The frontier. (O'Neill City, Holt County, Neb.) 1880-1965, July 02, 1942, Image 1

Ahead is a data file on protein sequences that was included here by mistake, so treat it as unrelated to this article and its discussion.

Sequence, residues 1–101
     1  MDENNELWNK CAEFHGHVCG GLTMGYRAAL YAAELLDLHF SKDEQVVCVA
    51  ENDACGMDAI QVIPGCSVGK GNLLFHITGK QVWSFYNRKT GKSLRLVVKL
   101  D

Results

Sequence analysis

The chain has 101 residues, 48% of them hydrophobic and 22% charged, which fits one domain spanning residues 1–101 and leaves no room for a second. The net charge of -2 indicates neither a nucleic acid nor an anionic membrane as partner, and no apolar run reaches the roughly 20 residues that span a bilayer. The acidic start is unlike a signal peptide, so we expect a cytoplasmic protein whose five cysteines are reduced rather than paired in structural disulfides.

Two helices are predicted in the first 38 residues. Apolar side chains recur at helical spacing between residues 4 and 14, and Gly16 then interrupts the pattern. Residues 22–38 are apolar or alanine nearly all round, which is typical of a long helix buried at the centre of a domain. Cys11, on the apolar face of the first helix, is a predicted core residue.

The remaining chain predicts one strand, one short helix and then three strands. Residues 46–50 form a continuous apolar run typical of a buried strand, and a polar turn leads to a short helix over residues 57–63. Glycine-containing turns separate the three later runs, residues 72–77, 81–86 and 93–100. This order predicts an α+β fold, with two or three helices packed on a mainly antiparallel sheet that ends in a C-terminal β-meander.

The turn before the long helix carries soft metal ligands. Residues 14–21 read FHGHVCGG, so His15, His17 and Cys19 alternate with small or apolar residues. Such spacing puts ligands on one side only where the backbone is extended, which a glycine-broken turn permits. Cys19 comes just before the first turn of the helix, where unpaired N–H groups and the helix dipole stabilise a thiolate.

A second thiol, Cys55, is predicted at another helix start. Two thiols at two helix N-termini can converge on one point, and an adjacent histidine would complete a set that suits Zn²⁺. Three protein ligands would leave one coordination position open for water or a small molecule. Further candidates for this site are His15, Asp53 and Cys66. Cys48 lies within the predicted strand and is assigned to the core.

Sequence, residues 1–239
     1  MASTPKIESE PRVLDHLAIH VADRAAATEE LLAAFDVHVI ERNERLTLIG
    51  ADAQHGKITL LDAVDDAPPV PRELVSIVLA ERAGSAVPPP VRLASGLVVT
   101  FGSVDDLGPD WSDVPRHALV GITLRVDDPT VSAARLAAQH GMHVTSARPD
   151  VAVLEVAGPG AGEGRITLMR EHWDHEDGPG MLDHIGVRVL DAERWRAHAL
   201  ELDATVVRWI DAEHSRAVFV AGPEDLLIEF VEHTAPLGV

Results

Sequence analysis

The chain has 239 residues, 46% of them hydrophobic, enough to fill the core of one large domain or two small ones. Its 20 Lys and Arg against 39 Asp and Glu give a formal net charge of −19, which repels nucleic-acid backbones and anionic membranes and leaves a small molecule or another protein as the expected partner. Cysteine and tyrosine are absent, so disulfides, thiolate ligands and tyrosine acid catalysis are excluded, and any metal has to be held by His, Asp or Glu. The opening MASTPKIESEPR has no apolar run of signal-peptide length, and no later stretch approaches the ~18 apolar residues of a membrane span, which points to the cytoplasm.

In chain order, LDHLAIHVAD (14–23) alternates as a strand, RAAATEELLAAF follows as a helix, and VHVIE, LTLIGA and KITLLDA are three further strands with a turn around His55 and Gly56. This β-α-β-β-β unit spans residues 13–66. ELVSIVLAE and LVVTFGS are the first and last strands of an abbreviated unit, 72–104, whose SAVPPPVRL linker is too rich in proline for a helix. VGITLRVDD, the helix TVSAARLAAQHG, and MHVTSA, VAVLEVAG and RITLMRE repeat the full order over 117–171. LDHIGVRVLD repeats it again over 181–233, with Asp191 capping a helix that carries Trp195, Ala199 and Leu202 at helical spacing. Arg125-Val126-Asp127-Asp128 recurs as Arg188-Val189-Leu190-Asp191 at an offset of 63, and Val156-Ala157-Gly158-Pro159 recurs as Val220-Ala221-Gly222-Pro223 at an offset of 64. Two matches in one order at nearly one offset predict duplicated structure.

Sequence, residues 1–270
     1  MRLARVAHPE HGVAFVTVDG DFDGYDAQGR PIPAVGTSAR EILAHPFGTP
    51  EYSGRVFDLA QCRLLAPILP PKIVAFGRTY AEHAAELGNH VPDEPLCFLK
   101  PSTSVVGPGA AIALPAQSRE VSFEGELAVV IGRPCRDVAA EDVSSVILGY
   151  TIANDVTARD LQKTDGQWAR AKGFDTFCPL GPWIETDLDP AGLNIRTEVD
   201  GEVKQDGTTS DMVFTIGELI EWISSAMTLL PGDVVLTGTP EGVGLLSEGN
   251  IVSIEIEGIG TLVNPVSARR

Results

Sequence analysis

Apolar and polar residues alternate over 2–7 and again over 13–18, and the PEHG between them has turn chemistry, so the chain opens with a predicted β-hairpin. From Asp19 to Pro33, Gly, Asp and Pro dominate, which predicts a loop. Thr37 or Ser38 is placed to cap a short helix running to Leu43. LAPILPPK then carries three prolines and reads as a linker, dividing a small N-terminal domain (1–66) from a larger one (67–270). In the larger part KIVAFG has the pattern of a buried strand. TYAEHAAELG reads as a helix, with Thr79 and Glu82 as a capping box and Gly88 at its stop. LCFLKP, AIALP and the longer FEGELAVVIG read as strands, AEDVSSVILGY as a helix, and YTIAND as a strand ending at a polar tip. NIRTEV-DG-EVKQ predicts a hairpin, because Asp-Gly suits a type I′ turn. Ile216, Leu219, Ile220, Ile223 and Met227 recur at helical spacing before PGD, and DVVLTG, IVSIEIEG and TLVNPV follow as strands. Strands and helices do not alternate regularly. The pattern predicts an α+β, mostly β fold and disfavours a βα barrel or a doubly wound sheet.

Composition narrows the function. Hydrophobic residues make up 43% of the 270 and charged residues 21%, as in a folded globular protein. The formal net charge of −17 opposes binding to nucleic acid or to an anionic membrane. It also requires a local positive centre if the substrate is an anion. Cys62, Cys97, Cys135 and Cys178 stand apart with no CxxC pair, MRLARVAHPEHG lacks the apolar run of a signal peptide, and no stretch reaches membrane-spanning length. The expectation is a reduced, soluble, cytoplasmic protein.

N*b. ItaU m *#** ^ iflFli^^iii-yjtfttt-i-iirlih i? ^it- j _ ■ -- - " -- "'. "~. "' .. " “' ' ' ' ' ~. — "" ■ — yOLLXin O’NEILL, NEBRASKA* THURSDAY, JULY % 1942 8 SOUTHWESTERN BREEZES By Romaine Saunders Patriotic citizens like to have confidence in their leadership. That leadership has done but lit tle these many months to inspire ■confidence. Tom Baker recently received a letter from his brother in England. They have their spies and traitors to deal with, but there is no other thought in the minds of English citizens but press on to victory. Many and June have been about the dampest period this section has experienced in many years, and unless the sun breaks through and dispells the mists it is going to be difficult to take care of a whale of a hay crip Hanging the family washing on the line Monday is a tradition of the American housewife. One lady tells me she doesn’t get it done as she has to rest on Mon day from being worn out cooking and entertaining company until a late hour on Sunday. It is quite probable a lot of good folks wear out their welcome at other places also. The Glen Doolittle assaulted -with three charges of shot as he -was at work in a field on the farm 12 miles south of Lincoln a day last week is a nephew of Tom Doolittle of Amelia. Glen was cultivating corn when the shots were fired by someone concealed in a fringe of timber along the field. He was struck in the head, arms and back, but not fatally hurt. Cap Addison was the first t.o start a mower in the meadows of this section, and with rain and clouds about every day to hinder, most of last week he was occu pied at D. L. Withers in the Inez neighborhood. The man with a tractor mower is in great demand this season. This Monday morn ing forecasts a good week for haying out this way. “I said I would and so I will! I’m Honest John from Bunker Hill!” A declaration like that coming from one of a group clus tered about one of those contrap tions that you hit with a maul to see how stout you are had an ap peal to a 10-year-old boy out to celebrate the 4th. Bunker Hill! Wasn't that the biggest thing as sociated with the 4th of July? And here was an Honest John di rect from there. Nothing of that 4th of July remains in the mem ory of that 10-year-old boy but that one center of attraction on a street in a Wisconsin town. John was an artist among his kind. With a lingo to outclass any auc tioneer he kept the yoeman from the country districts flocking about him like flies on a bowl of sweets. When a husky belted the shaft to or above a given figure, the magnanimous John would reach for a cigar in a box and with a flourish hand it to the strong-armed gent as he declared “I said I would and so I will! I’m Honest John from Bunker Hill!” The 4th of those long gone years was a day of contests, noise making, social contacts, lemonade and peanuts. As we come into an other 4th we are in a grave hour, ’ an hour in which we sense anew our obligation to sustain at any Cost—again the cost of blood and tears and treasure—the national heritage bequeathed us by Amer ican patriots. The passing of Dick Murray re moves about the last of the pio neer dwellers who more than a half century ago drove the home stead trails out across the open flats leading in to O’Neill from the east, what is now known as the Page country. Parker, Haines ville. Middle Branch and a little to the north Minneola, were the community settlements of our fathers. It was a tossup as to dis tance from my father’s landed in terests to either Parker or O’Neill and there was much wagon, horseback and foot traffic by our “front yard.” Dick Murray was among them on periodic trips in to town. And there was Bill Pet tis, George Haynes, Jim McTag ert, Alex Boyd, Nick Grass, and others whose names have faded from the fog of the past. Even the kids liked Dick Murray. When children put their trust in one of mature years there is nothing more to say. Dick Murray was one of the stalwarts of a breed of /Stalwart men and women—men ¥ and women who “had what it ' takes,” as a picturesque wording FOUR HOLT COUNTY PIONEERS | PASS AWAY DURING PAST WEEK R. H. Murray, Henry Cook, Mrs. John Boshart and Miss Nora Sullivan Laid To Rest Since Last Week. AH Were Pioneers Of Holt County. R. H. MURRAY R. H. Murray passed away at his home in O'Neill June 25, 1942, after a lingering illness, at the age of 86 years, four months and four days. He was born in Ty rone, Iowa, on February 22. 1856, and came to Holt county in 1884 and homesteaded east of O'Neill ten miles where he lived until 1920 when he retired and moved I to this city. In 1885 he was united in mar i riage to Agnes Roach. To this union ten children were born. One daughter preceded him in death in 1935, Mrs. Margaret Hagen of Ashland, Mo. The , children are as follows: Ellen Blomberg. Gill, S. D.; Catherine Perkins. Ainsworth; Annastasia Williams, Seattle, Wash.; Lauret | ta Jones, Miles City, Mont.; | George E., of Lead, S. D.; Wini fred Matthews, Lincoln; Mattie ! Soukup, Gertrude Streeter, Elsie Streeter, all of O’Neill. Mrs. Murray passed away Jan uary 28, 1937. Since that time Mr. and Mrs. Clyde Streeter and family have made their home with Mr. Murray, in his home I on east Douglas street. He was president of tne u IMeui National Farm Loan Association O’Neill for several years and at the time of his death he was a director of the organization. During his earlier years in the county he always took an active part in the county’s political affairs and the civic affairs of his township. For thirty years he served as treasurer of School District No. 23; a member of the county board for several years. He was a devout and faithful member of the Catholic church. Those who attended the funeral , from out of town were: Mrs. Agnes Parkis, Mrs. Nellie Knowles and Mrs. Maniel Day, all of Melrose, Iowa, nieces of Mr. : Murray Charles Knowles, of Omaha, nephew; Mr. and Mrs. John Sutherland, of Ponca; Mrs. P. Streeter, Mr. and Mrs. W. J. Baker, Frank Farrell and daugh ter, Donna, all of Brunswick, Nebr. Mr. and Mrs. Murray celebrated their Golden Wedding Anniver sary on May 5, 1935, and all of the children were home at that time. They were all in attend ance at the funeral except Mrs. Ray Williams and she arrived home Monday from Seattle, Washington, for a visit. xx HENRY J. COOK Henry Cook died at the home of Mr. and Mrs. T. J. Donohoe, north of this city, Mrs. Donohoe is a sister of Mr. Cook, Wednes day morning at 9 o’clock, after an illness of five years, at the age of 87 years and twenty-seven days. The funeral will be held to morrow morning at 9 o’clock from the Catholic church in this city and burial in Calvary cem etery. Henry J. Cook was bom in Scranton, Penn., on June 10, 1855. In 1878 he came to this county and had been a resident of the county ever since, a period of 63 years. On his arrival here he took a homestead about eight miles northwest of this city, where he made his home for many years. He was a good far mer and prospered. He was fru gal and industrious and accumu of our day defines the solid citi | zen. He was direct, straight-for ward and to a tranger brutally i frank. I saw him run once. We were branding cattle. A 3-year old got up from the sizzling iron ; and made for Dick, leaning on ' on a pitchfork nearby. He brought the fork into action but the steer kept on coming. It was then Dick dropped the fork and run. An apostle of good cheer, blending I the humorous with the serious fact of life, in this instant discre I tion proved the better part of ! valor. Time, inexorable, relent I ess, remorseless time moves on : without haste, without slacking the motion. The lengthening shadows are gathering over the remnants of those who started the homes, the farms, the ranches of Holt county’s vergin sod. We would want our tribute to the j memory of the dead, to the honor of the living, to be something deeper, wider, more enduring I than sentimental gesture—an im i perishable gratitude for an heri tage of courage and fortitude 1 transcending time and space. lated a competence and at the time of his death was the owner of about a section of good land as well as some city property. Henry never married and he is survived by two sisters. Mrs. Nell McHugh, of Butte, Mont., and Mrs. T. J. Donohoe of this city, and several nephews and nieces. His sister. Mrs. McHugh, is coming from Butte for the fu neral services. Henry rented his farms and moved to town in 1906 and he was a resident of this city until j 1927, when failing health caused him to move to the farm home of. his sister, Mrs. T. J. Donohoe, i where he made his home until his death. Henry Cook was one of the real old timers of the county. Thei first colony came out here in 1874 with General O'Neill and Mr. | Cook was a member of a colony that came from the coal mines of, Pennsylvania four years later, practically all of whom took homesteads northwest of this city. They were all hard workers and the colony prospered. There is but one of the real old settlers of the Pennsylvania colony left, Mrs. Menish, who is well along | in the nineties, but in splendid health, mentally and physically alert and active. Henry was one of the real char acters of the early day. He was an Irish gentleman of the old school, with politeness and a sense of humor one of his great characteristics. Like all the other old timers he went through many hardships in the early days of Holt county, but he persevered and prospered and until his health be gan to fail enjoyed himself. For i the past fifteen years his health has been poor and for the past five years he has been bedfast. He had many friends among the residents of the county, who will regret to learn of his passing. MRS. BARBARA BOSHART Mrs. Barbara Boshart passed away at a hospital in Yankton, S. D., last Sunday afternoon, following an operation on Thurs day, at the age of 82 years, three months and sixteen days. Big lin’s ambulance went over and got the body and brought it to O’Neill. The funeral was held at 2 o’clock Wednesday afternoon from the Presbyterian church, Dr. John E. Spencer officiating, and burial in Prospect Hill Cemetery at the side of her husband, who passed away in January, 1934. Barbara Erb was bom in Can ada on March 12, 1860, and she grew to womanhood in her native country, and on September 10, 1878, she was united in marriage to John Boshart, the ceremony being performed at Wellesley, Ontario, Canada. Eight children were born of this union, three sons and five daughters, two of whom, a son and a daughter, have passed away, leaving six children to mourn the passing of a kind and affectionate mother. The children are: Mrs. George Reichert, Hereford, S. D.; Ed ward Boshart, O’Neill; Mrs. Wil liam Phillips, Viewfield, S. D.; Aaron Boshart, O’Neill; Martha Boshart, O’Neill; Mrs. Clarence Wrede, O’Neill. She is also sur vived by eighteen grandchildren and seven great grandchildren; and two brothers and two sisters. Shortly after her marriage the family came to the United States and settled at Seward, Nebraska, from which place they came to Holt county in the spring of 1884 and this county had been her home ever since, a period of 58 years. In fact she spent the past 58 years of her life on the farm they secured when they Best came to this county, about ten miles north of O'Neill. After the death of her husband in 1934 the child ren wanted her to make her home with them, but she pre ferred to remain on the old place where she had lived for so many years, and with her daughter they made their home there. During the summer months she would visit her children, but always wanted to be back home in the fall and winter. She had always enjoyed good health until the past few months. She was taken sick last Tuesday, while in South Dakota, was taken to Yankton by her son-in-law and daughter, Mr. and Mrs. Clarence Wrede, for medical treatment. She submit ted to an operation on Thursday, Mrs. Wrede being with her at the time, and she appeared to rally splendidly from it. On Saturday her sons, Aaron and Edward, drove over to Yankton and visit ed her and she seemed to be get ting along nicely. But the shock and infirmities due to advanced years proved too much and she passed away Sunday afternoon. In the death of Mrs. Boshart, Holt county loses another of its real old pioneers, who suffered many hardships in the early days in this county and helped to build it into a garden spot of the west. She had a great many friends in the northeastern part of the coun ty who will regret to leam that another of the pioneers has join ed the ranks of the others who have passed on. MISS NORA SULLIVAN The funeral of Miss Nora Sul livan was held from St. Patrick’s church last Tuesday morning at 9 o’clock, Monsignor J. G. McNa mara officiating and burial inCal vary cemetery. The body was shipped here from Butte, Mont, arriving here Monday morning. Miss Sullivan was a native of Ireland and was bom on October 18. 1846. She came to the United States in May, 1870, and settled in Hancock, Michigan, where she had some relatives who had come to the United States a few years before. She lived there for sev eral years and then came to O’Neill in the early eighties, and this city and county was her home Until 1926. After the death of her brother, Timothy, she went to Butte. Mont. She lived in Butte but a short time and then went to Jeffers, Mont., to make her home with a niece, Mrs. Kather ine Mitchell, where she was liv ing at the time of her death. She leaves surviving a sister, Mrs. Julia Young, of Hurley, Wis.; seven nieces, Mrs. Nell Mc Mullen, Miss Johanna Sullivan, Mrs. Mary Carney, all of Butte; Mrs. Neil Tierney, in Seattle, Mamie Young, in Hurley, Wis.; Mrs. Katherine Stoddard, in El gin, Wis., and Mrs. Mitchell of Jeffers. Also a nehew, William Young, in Elgin, Wis., and several grandnieces in Butte and Seattle. Miss Sullivan was a remark able woman and one of the real old pioneers of this county. For many years she lived in the Mich igan settlement, northeast of O’Neill, until her removal to town, where she made her home for many years. She was sick but a week before she passed away and, despite her age, she was very active up to the last week. Her mind was clear and she could relate incidents of the early days in the county, and in northern Michigan with remarkable ac curacy. So another of the real old timers has passed to the great beyond! Staff Sgt. Hugh McKenna ar rived Sunday from Los Angeles, Calif., and will visit his parents, Mr. and Mrs. C. F. McKenna, un til Thursday, when he will leave for Fort Warren, Wyo., where he will attend Officer’s Candidate School for three months. Notice Stockmen! Due to heavier runs of livestock from now on, we hope to start the hog auction at 11 o’clock a. m., beginning Monday, July 13th. We will appreciate your cooperation in get ting your hog consignments into the stock yards by 10 o’clock a. m. Monday, thus help ing us to get off to an earlier start. O’Neill Livestock Com. Co. Kenneth Wherry Seeks United States Senatorship Wherry said that “the first ob jective of the Amercan people and their representatives should Kenneth S. Wherry who oper ates farms, a law office, a Ford agency and a hardware, furniture and undertaking business from an office in a corner of thq Wherry Brothers Store in Pawnee City, has announced his candi dacy today for the United States Senate on the Republican ticket Wherry, whose 1940 candidates caravan and intense party organ ization received national recogni tion and secured for him the ap pointment by National Chairman Joseph W. Martin of Western Director of the party in 22 states, told the State Central Committee meeting at Hastings that he was resigning as State Chairman to make the Senate race, be to overcome and disarm those nations whose political philos ophy is aggressively incompatible with the American form of gov ernment, American standards of living and individual freedom. ! America's most powerful weapon is overwhelming production and this power should be developed to its fullest extent by efficient, courageous, and united effort c every American. The necessary efficiency in the war effort which will bring the war to a suceessfu termination at the earliest mo ment with a minimum loss of American lives and property, can only be accomplished if political leaders abandon their efforts to burden the war effort for political 1 advantage and to sponsor contro versial political, social, and eco nomic reforms. “I believe that my long exper ience as a merchant and farmer gives me an understanding of the , problems of the small business | man and farmer. That at the present time the representatives of these people should exert their energies to secure equal distribu tion of the business benefits of the war effort so that wherever possible the small business man will be assisted in surviving mer chandise shortages during the war period. Members of Congress should carefully scrutinize every limitation placed on small bus iness and available supplies so that only restrictions absolutely necessary to victory be imposed. After the war, business should be given the benefit of American 1 free enterprise to its fullest ex tent.” I Continuing, Mr. Wherry said: “Now and after the war the mem bers of Congress should make ev ery endeavor to insure the Amer i ican workingman a job in Amer ! ican industry unrestricted by gov ernmental controls, doles substi tutes, or payment of exorbitant fees for the privilege to work. “We should lighten the present heavy burden placed on agricul ture by the war. The farmer should be assured of the fullest benefit of the American market, American invention and indus try. One of the country’s greatest contributions toward winning the war is by Nebraska’s farmers, i They are helping feed not only our fighting men but those of our | allies. When the war has been won they will help feed the world | during the period of readjust-j ment. It is essential that agricul ture be strong. Since the nation that has the food w. 'l have the advantage in writing the peace, it is necessary to the securing of a just and lasting peace that we not slacken our support of those! measures strengthening agricul ture. We will not hesitate to exhaust our resources to win the war. To make certain that we win, we must refrain from non-essential spending. Non-essential expendi tures can lose us the war and, wreck the financial stability of our nation. “Even now the American peo ple should be looking forward toj the time when present adminis tratlve emergency powers should be returned.. There should be a minimum of federal bureaucratic control. In this way alone Amcr ica will reap the benefit of de mocracy which our people are now making tremendous sacri fices to save from foreign aggres sion. “As to the question of the peace, it should be dictated by the leadership of peoples' govern ments and in the peace-making the United States should have a major part. It should be a peace that will live and let live, which is the only kind of peace that will endure." Mr. Wherry has long been prominent in Nebraska politics, having served in the Legislature of the State in 1929 and 1931. Hi was a candidate for the Repufc iican nomination for governor i 1933 and United States senator i 1935. He was president of Repub lican Founders' Day in 1938. In the first World War he was in the Naval Flying Corps. He is Ne braska born and educated, is mar ried and has two children. Fifty-Four Young Men Left Friday For Army The following fifty-four young men left here last Friday for in duction into the U. S. Army at Fort Crook: Cletus Vincent Sullivan, O’Neill John Clifford Harding, O’Neill John P. Pribil, O'Neill William G. Schultz, Atkinson Yulan Cook Adams. Dustin Alvin John Heiser, Atkinson Leonard Eugene Bazelman, O'Neill. Dale William Foster, Stuart Burt is Wesley Wood, Stuart Floyd E. Burge, Emmet Bernard Otto Baumeister. Dus tin. Melvin Edward Riley, Stuart Edward Lyle Kozisek. Stuart Foster Frank Farrand, Dorsey William Alfred Gross, Atkinson Francis Dennis Hynes. O’Neill Elvin Raymond Johnson. O'Neill Gilbert Henry Echtemkamp, Inman. Jay Benjamin Larson, Atkinson Elwin Owen Neal. Dorsey Richard William Bollwitt, Ew ing. Lester Ernest Riege. Page Edwin Hiram Hubbard. Cham bers. Wesley Charles Taylor, O'Neill Claude Vernon Hamilton. Page Otho Russelll Johnson. O'Neill Robert Ward McCartney, Stu art. Eugene Walter Roth, Chambers Maxwell Wolfe, O’Neill Jay Comstock Butler, Ewing Raymond Earl Hoxsie, O'Neill John Thomas McTaggart, Stu art Ravmond Francis Wilkinson, O'Neill. Melvin Leroy Hood, O’Neill Leo Bernard Valla, O'Neill Clinton Smith Doolittle, Amelia William Emanual Farr, Emmet Charles Henry Dugan. Atkinson Albert Straka, Stuart Francis M. Anderson, Atkinson Sylvester Joseph Schrad, Ew ing. Don Robert Med calf, Chambers Charles E. Fridley. Ewing Douglas Wayne Smith, Atkin son. John Thomas Sullivan, O'Neill John Keith Cunningham, At kinson. Silven Blohoveck, Stuart Harold James Frohman, Atkin son. Woodrow Wayne Douglas, At kinson. Transfers-In. Bill Bryan Taylor, O’Neill William Francis Dahl, Atkinson Nathan Vere Butler, Inman Lyle Lee Schuelke, Atkinson Edward Harold Moos, O’Neill O'Neill Boy Champion Rifle Shot at Ft. Warren Pvt. John Carl, of O’Neill, now at Fort Warren, Wyo., is the championship rifle shot of that Fort as he outshot 4.500 soldiers, using a 30 calibre U. S. Army rifle at 200 yards. He scored 97 bulls eyes out of 100, at rapid fire. He won the medal and also a “jack pot.” Carl is a first class mechanic in the Army. ST. JOHN'S THANK YOU The Pastor and people of St. John’s are deeply grateful to their O'Neill friends who helped to make our War Time Nickel Day a success. "Thanks a heap.” Father Beyersdorfer. Glen Spindler, who is guard at the Ordnance plant at Grand Is-1 land, came Saturday morning af ter his wife and son. and returned to Grand Island that afternoon with his family, where they will make their future home. 1 (leorge Agnes Falls Dead In Lumber Yard, Norfolk O'Neill residents were shocked last Saturday morning, when word was received that George Agnes dropped dead in the Joyce Lumber Co. yard at Norfolk, by whom he was employed as city salesman. For seventeen years George was a resident of this city, being manager of the Seth Noble lumber yard and had many friends in this city and county, where he was well known, and the announcement was a shock to them. The funeral was held from the Sacred Heart church at Norfolk, Nebr., Monday morning, his son having come from Cali fornia by plane Sunday morning. The following account of his death is taken from the Norfolk Daily News of Saturday: "George S. Agnes. 57. 507 South Sixth street, city salesman for the Joyce Lumber company here, dropped dead after a heart attack while in the company's yard about 8:15 o’clock this morning. "He apparently suffered the at tack while in the office and start ed toward the alleyway in the lumber yard. Just after reaching the door, he collapsed and was dead when three employes, Har old Alstadt William Spom and Elmer Uttecht reached him. "He came to Norfolk a few years ago after having been in the lumber business for many years. For seventeen years he was manager of the Seth Noble com pany yards at O'Neill, and later managed a yard at Petersburg. "Mrs. Agnes, who is a sister of Federal Judge J. A. Donohoe of Omaha, directs activities of the Newcomers club in Norfolk. “Surviving are his wife, one son. George. Jr, who is in the coast guard at Alameda, Calif.; three daughters. Mrs. E. J. CHem, Omaha; Misses Virginia and Lorraine, at home, and one sister. Mrs. Frank Coughlin, of Plankington, S. D. “Funeral services will be con ducted at Sacred Heart church here, probably Monday or Tues day morning, depending on the arrival of the son. The rosary will be said for Mr. Agnes at 8:30 p. m. by the Rev. Robert Bums, church pastor, at the Berge-Then haus-Howser-Swoboda Home for Funerals. "Burial is to be made in Pros pect Hill cemetery.” Attend Silver Jubilee Of Her Sister Tuesday Mr. and Mrs. George Pongratz and daughter, Armella, and Mrs, . Harold Given, of Emmet, went to Grand Island Tuesday to assist in the celebration of the Silver Jubilee of Sister M. Gereona at the St. Francis Hospital. Sister Gereona is a sister of Mrs. Pon gratz. Other relatives attending were. Sister Marcellosis, Sister Edwma, Sister Floreberta and Sister Francesca, nieces of Sister Gereona. Claussen-Y amall Miss Deloris Claussen and Phil. lip Yamell, of Englewood, Calif, were married Sunday. June 28, at the Methodist church at Gar ! dena, Calif. Miss Bonnie Yamell of Lyn wood, Calif., sister of the groom, was bridemaid, an d W lllard Claussen, brother of the bride, was best man. Mrs. Yamell is the daughter of Mr. and Mrs. John Claussen of this city, and is a graduate of the O'Neill High School with the class of 1940. For the past two years she has taught in the rural schools of Holt county and has. been a very successful teacher. Mr. Yamell is the son of Mr. and Mrs. C. B. Yamell of Lyn wood. Calif., and is a graduate of the O’Neill High School with the class of 1940. Mr. Yamell is work ing in the defense plant at Engle wood, Calif., where they will make their home. Filings For Office William L. Hanley filed July 1 for Supervisor in the third dist rict on the Democratic ticket. Ira H. Moss filed June 30 for Clerk of Court on the Republican ticket. Julius D. Cronin filed June 30 for County Attorney on the Re publican ticket. L. G. Gillespie filed July 1 for County Assessor on the Republi can ticket. John Alfs filed July 1 for Coun ty Assessor on the Democratic ticket. Jack Arbuthnot filed July 2 for the Democratic nomination for County Treasurer.